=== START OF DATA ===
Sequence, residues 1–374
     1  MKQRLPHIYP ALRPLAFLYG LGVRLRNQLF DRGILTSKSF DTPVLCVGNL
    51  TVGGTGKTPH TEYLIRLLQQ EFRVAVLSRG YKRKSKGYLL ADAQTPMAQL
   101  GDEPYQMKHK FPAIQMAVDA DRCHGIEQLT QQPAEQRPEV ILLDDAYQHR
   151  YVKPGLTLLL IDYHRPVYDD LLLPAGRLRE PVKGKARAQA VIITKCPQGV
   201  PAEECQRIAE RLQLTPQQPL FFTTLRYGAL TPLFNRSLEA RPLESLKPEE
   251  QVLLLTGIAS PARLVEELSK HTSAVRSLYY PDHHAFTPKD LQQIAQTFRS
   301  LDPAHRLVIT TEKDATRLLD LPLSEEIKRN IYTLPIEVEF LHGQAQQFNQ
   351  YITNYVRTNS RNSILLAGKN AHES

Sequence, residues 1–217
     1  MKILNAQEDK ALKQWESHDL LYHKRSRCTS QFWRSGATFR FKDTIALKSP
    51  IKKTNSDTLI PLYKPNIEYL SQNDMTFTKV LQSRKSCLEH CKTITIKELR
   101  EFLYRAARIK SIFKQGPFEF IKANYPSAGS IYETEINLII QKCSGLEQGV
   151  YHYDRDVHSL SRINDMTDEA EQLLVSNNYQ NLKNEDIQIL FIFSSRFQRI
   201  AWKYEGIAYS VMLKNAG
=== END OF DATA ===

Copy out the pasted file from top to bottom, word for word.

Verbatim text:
Sequence, residues 1–374
     1  MKQRLPHIYP ALRPLAFLYG LGVRLRNQLF DRGILTSKSF DTPVLCVGNL
    51  TVGGTGKTPH TEYLIRLLQQ EFRVAVLSRG YKRKSKGYLL ADAQTPMAQL
   101  GDEPYQMKHK FPAIQMAVDA DRCHGIEQLT QQPAEQRPEV ILLDDAYQHR
   151  YVKPGLTLLL IDYHRPVYDD LLLPAGRLRE PVKGKARAQA VIITKCPQGV
   201  PAEECQRIAE RLQLTPQQPL FFTTLRYGAL TPLFNRSLEA RPLESLKPEE
   251  QVLLLTGIAS PARLVEELSK HTSAVRSLYY PDHHAFTPKD LQQIAQTFRS
   301  LDPAHRLVIT TEKDATRLLD LPLSEEIKRN IYTLPIEVEF LHGQAQQFNQ
   351  YITNYVRTNS RNSILLAGKN AHES

Sequence, residues 1–217
     1  MKILNAQEDK ALKQWESHDL LYHKRSRCTS QFWRSGATFR FKDTIALKSP
    51  IKKTNSDTLI PLYKPNIEYL SQNDMTFTKV LQSRKSCLEH CKTITIKELR
   101  EFLYRAARIK SIFKQGPFEF IKANYPSAGS IYETEINLII QKCSGLEQGV
   151  YHYDRDVHSL SRINDMTDEA EQLLVSNNYQ NLKNEDIQIL FIFSSRFQRI
   201  AWKYEGIAYS VMLKNAG